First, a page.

Scam spotting

Shortly after most people get on the net, they find scams heading their way in their e-mail, or encounter one on a website.  You have to learn how to spot them yourself, as the human brain is the only thing that adapts quick enough.  Automated protection tools are not foolproof, and usually lag behind the outbreak of new scams.  This page gives some hints about it, the rest is up to you to think carefully about what you're doing.

In short, most incredible sounding offers should not be believed or trusted.  Anything that lies to you, or tries to trick you in any way, should not be trusted, at all.  You can't win a lottery you didn't enter into.  You're not going to inherit lots of money from a complete stranger, nor someone claiming to be a relative (lawyers would write to you properly, on paper, not send an email that has bad grammar as if it were written by a primary school student).  Really cheap copies of expensive software are probably not going to be legal or safe to use.  Get rich quick schemes are going to try to steal your money, or launder money through your bank account.  Offers that come addressed to someone else, or tell you to respond to a different address than where the message came from, are most likely a scam.  And so on…

Look carefully at the addresses for e-mail

Firstly check the email addresses that the message are sent to.  And by “check,” I mean look at it and think about it.  Don't blindly click on things to see what happens.  If it's not addressed to you correctly, is addressed to someone else, or is addressed to a long list of people, be suspicious.

e.g. If your address was "John Doe" <> then most of your mail should come addressed to you like that.

Although there are exceptions (such as mail you get from mailing lists), but you should know about that, as you'd have signed up for the mailing list, and should recognise its address, somewhere in the message, instead (perhaps in the “To” field, perhaps written in the message).

Check the email address that it claims to come from.  If it falsely claims to come from your own address, it's obviously a scam.  Messages coming from legit companies are likely to use sensible addresses associated with their brand name; if it sounds ludicrous, it probably is.

Check the email addresses that replies are requested to go to, whether that be a “Reply-To” address in the message headers, or instructions written in the message, itself.  If it's different from where the message came from, be suspicious.  There are legitimate reasons for directing replies to somewhere else, like a boss asking you to respond to their secretary, directly; and mailing lists that ask you to reply back to the mailing list rather than any individuals, directly.  But otherwise it's a peculiar request.

Look carefully at addresses for webpages

Carefully check any website addresses that are mentioned in messages and websites.  Check that you're going to go where you expect to go.  Links written in some emails and on websites don't always show you the destination address where the link is, you'll have to hover the mouse over the link without clicking on it, and look for some information to pop-up somewhere (such as in a status bar at the bottom of the window).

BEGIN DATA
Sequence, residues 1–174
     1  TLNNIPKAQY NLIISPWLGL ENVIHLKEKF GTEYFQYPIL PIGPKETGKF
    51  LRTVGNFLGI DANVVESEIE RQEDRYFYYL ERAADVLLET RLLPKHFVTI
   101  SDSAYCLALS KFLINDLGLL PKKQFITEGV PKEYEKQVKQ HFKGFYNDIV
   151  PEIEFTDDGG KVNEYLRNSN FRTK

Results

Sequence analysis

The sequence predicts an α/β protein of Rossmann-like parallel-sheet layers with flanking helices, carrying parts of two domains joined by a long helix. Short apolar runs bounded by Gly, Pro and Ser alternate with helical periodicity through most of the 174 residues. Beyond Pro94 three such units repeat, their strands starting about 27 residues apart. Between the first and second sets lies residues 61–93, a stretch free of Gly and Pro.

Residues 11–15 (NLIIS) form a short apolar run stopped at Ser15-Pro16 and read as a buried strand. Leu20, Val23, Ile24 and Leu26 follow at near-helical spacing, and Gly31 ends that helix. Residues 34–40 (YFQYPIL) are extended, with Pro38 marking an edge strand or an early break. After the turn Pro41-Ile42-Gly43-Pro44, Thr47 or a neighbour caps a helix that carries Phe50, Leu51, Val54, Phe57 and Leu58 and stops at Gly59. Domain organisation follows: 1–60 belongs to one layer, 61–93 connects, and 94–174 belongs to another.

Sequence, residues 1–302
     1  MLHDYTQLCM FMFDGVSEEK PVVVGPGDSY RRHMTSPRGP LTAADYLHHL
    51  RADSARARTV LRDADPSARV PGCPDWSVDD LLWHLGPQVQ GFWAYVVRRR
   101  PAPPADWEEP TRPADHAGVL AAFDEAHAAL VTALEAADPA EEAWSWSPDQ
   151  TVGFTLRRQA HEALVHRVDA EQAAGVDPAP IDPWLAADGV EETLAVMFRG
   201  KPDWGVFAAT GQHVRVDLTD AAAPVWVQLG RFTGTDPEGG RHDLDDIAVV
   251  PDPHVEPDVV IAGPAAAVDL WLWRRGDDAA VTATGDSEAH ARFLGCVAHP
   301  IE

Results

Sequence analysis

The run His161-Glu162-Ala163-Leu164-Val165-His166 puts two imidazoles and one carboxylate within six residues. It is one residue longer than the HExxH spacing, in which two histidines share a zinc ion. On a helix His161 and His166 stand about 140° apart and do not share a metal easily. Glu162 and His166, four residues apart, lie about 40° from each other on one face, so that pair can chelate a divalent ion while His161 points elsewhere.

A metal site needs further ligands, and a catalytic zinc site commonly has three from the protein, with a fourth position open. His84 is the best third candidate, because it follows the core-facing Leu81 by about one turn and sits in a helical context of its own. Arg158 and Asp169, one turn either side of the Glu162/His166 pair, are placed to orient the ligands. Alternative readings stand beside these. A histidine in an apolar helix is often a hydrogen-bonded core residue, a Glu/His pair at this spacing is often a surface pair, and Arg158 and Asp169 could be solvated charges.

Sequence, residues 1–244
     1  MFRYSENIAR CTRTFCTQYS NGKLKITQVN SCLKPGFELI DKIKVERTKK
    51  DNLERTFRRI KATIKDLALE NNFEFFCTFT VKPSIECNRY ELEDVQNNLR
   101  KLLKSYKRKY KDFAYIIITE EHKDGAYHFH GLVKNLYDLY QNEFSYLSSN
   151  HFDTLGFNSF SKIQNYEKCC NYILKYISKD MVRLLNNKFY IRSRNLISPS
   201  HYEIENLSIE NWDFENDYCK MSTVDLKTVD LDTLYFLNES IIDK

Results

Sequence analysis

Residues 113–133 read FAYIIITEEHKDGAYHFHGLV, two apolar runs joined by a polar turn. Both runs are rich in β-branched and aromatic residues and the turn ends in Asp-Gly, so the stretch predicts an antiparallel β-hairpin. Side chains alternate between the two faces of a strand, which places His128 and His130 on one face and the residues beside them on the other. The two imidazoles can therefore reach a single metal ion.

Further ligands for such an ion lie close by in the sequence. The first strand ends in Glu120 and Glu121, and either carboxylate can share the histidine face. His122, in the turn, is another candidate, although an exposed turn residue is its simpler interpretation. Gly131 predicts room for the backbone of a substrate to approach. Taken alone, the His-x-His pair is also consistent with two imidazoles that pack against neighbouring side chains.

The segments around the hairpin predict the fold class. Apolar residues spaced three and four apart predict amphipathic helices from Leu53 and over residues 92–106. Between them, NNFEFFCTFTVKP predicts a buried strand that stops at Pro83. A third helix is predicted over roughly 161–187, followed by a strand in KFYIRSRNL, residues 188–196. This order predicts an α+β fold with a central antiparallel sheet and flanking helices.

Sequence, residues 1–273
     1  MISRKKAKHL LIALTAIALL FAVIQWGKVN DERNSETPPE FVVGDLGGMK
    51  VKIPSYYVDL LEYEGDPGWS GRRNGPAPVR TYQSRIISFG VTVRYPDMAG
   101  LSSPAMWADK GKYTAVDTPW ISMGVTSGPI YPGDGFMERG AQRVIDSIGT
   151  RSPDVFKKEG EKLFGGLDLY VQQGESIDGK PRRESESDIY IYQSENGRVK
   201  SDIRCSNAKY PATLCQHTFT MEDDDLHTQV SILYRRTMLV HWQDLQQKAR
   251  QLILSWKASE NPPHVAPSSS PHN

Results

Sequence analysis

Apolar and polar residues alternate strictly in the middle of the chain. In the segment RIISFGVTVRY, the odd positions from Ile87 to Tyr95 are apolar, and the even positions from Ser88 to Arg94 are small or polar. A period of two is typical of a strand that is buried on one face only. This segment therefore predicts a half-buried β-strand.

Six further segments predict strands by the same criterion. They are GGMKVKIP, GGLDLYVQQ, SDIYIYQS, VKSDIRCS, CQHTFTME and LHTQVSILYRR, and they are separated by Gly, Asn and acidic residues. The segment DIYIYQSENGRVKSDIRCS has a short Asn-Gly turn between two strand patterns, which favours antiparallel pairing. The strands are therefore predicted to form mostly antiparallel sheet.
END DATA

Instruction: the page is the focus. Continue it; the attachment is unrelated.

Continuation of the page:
Web addresses have a standard way of being constructed, that allows you to understand what they refer to.  You need to learn how to read them.

e.g. The “Example Company” probably has a website address like:

It starts off with the protocol used for communication (HTTP being the usual method used for webpages), has a colon and double slash before the next part (://), the domain name for the site (

If the address refers to pages within that website, then there'll be extra information on the end of that address for that, with a slash between the domain name and the rest.


That'd be for an instruction page in the help section of the Example Company's website.

Personal websites often have addresses in that sort of manner, where the domain name belongs to whomever provides the service, and personal sites are in sub-sections.


Here, the Example Company is providing space for John Doe to have a website.  The company probably has nothing to do with whatever John puts on his website.  Don't consider such addresses as being any form or endorsement.

Addresses can include all sorts of extra information, such as log-on usernames and passwords, alternative ports to use, and so on… You need to know how they're put into addresses, so you don't mistake usernames and passwords as being the website address.


Here you can see where a username and password can be written before the domain name, with a colon between the username and the password, and an @ between them and the domain name.  Then after the domain name is a colon followed by a port number.  Then after that can be a slash followed by addressing for pages within the website.

As soon as you encounter an address like that, you have to hunt for where the colons and @ signs to work out which part is the website address (the bits after the @ sign).

e.g. is not going to the Google website, it's going to the steal-your-money page on the website.

This is a common ploy with scams that try to steal from your bank accounts.  They'll put the bank's address in the username section, their rip-off site will be further into the address.  They're rip-off site will look like the bank's website, they'll copy and usernames and passwords that suckers type into them, then they'll use that information to steal from the bank account.

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